What works: This isn't "Category 6" or "10.5" or any of the other "disaster" TV movies but rather a realistic effort to show how a small town would react to a nationwide nuclear attack. The producers wisely sidestep any political issues - an unspecified president is briefly heard giving an address on the war on terror shortly before the attack - and cleverly answer the obvious questions - radios and cell phones can't get through, leaving the town literally in the dark, while a final reveal shows us what's actually at the edge of town. The best parts of the show however are the smaller character moments as the mayor (McRaney's awesomeness could wind up rivaling "24's" David Palmer) puts on a strong face against growing resentment from the locals; Dale initially appears to be looting his boss's store but is revealed to actually be helping her; and a group of scared kids prove to be resourceful when one of them is injured. Initially what appears to be a family drama about a black sheep come home grows into a surprisingly effective ensemble about a town trying to stay strong against the unknown.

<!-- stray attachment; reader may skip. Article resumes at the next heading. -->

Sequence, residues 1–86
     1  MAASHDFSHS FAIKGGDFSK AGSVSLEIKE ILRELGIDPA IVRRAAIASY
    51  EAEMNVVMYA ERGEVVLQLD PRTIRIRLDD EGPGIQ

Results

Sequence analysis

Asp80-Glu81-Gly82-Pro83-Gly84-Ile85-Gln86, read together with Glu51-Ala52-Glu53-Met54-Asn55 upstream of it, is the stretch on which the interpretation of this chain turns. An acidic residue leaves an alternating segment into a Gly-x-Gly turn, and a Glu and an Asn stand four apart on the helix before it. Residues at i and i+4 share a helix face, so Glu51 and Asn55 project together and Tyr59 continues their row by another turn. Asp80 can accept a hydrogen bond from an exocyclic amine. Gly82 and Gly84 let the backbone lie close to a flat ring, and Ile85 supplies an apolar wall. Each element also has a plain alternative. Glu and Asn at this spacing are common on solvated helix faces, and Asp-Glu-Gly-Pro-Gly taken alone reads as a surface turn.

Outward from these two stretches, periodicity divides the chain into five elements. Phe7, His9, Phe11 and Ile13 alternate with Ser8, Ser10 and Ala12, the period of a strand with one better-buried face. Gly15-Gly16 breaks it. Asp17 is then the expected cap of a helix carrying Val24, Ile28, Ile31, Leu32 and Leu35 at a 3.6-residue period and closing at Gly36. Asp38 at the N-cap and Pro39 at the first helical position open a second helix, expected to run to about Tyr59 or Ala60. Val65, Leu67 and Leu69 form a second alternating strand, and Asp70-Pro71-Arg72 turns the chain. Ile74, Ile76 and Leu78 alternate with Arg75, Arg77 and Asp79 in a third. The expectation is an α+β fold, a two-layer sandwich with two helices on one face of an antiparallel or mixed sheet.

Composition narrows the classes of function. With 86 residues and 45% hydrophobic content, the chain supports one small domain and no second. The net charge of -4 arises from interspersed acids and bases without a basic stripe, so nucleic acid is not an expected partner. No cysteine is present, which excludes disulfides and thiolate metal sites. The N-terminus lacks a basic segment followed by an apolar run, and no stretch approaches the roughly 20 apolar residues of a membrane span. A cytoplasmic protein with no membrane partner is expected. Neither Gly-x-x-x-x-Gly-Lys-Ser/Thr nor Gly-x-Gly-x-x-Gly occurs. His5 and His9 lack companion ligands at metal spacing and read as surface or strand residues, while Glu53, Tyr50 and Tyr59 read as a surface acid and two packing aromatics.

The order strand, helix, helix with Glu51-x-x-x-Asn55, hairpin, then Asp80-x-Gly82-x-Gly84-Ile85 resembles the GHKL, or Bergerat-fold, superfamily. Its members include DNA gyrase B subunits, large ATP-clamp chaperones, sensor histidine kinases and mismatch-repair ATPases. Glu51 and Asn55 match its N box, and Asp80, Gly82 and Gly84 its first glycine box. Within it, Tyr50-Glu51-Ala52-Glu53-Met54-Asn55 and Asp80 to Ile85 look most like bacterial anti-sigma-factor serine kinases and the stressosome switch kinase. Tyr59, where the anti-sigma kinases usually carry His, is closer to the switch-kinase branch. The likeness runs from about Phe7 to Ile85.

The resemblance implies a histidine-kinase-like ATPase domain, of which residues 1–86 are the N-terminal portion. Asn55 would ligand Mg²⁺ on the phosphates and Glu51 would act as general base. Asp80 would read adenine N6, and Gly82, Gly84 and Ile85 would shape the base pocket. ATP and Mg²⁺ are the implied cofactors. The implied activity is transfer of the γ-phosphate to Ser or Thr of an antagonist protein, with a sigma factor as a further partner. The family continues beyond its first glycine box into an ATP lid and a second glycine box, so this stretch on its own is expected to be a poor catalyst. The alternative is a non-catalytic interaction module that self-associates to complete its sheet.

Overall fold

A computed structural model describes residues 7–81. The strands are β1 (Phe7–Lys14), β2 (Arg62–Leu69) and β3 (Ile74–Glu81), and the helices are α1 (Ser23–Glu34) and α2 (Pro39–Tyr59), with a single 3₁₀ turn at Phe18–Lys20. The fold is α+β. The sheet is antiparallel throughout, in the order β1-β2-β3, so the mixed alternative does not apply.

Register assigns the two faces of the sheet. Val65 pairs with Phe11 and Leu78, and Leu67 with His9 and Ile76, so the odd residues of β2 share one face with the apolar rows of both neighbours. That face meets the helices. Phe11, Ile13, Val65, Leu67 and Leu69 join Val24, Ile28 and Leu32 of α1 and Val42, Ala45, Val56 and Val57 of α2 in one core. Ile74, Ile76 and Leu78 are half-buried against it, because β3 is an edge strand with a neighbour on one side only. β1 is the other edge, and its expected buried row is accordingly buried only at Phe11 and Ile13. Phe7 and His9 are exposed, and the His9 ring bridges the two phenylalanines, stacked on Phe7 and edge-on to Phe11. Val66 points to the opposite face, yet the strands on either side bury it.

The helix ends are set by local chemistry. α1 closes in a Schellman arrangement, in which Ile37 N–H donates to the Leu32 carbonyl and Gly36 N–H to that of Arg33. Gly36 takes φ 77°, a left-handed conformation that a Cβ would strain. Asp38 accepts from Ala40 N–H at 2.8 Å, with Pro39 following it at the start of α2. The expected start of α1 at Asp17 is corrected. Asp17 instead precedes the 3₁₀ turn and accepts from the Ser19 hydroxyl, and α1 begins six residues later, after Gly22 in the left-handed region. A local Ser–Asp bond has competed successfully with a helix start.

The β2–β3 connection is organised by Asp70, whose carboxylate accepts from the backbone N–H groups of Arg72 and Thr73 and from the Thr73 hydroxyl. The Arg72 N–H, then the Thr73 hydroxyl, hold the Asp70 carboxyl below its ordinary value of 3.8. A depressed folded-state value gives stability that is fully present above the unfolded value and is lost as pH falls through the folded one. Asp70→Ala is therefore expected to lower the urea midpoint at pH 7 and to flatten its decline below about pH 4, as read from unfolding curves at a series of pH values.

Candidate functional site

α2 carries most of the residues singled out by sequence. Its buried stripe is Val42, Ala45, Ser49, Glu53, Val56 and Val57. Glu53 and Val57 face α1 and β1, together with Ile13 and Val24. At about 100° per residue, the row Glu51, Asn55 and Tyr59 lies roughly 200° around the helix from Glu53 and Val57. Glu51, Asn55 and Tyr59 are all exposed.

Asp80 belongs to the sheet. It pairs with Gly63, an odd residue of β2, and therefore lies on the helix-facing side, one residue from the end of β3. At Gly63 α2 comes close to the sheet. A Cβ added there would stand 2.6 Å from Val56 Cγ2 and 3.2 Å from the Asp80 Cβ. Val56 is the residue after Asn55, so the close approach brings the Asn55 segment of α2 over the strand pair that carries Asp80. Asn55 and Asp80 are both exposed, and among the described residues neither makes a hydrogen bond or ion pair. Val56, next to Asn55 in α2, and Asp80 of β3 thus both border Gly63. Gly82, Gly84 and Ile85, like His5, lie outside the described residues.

What doesn't: A lot of the show's plot hinges on TV's always annoying brand of coincidence - Jake just happens to appear in town before the attack, just happens to stumble upon the missing kids, just happens to have the military training to help an injured girl, just happens to run into his ex, etc., etc. And it's not limited to Jake either - Emily's fiance just happens to be arriving on a plane to Denver when the attack strikes, Dale's mom just happens to be leaving a message when the blast hits, a bus full of convicts just happens to go missing the same time the kids do, etc., etc. It's this daisy chain of coincidences that makes the plot often far more fantastic than the core premise of a nuclear attack on America. Thankfully a lot of these gripes are offset by its more interesting aspects, namely how usually smart people can make rash, irrational decisions in certain situations and how even smarter people can help turn the tide against making those very judgments. One hopes as the show goes on it will embrace those aspects rather than making sure its far-fetched ducks are in a row.
The challenges ahead: Can CBS actually launch a serialized, non-procedural drama?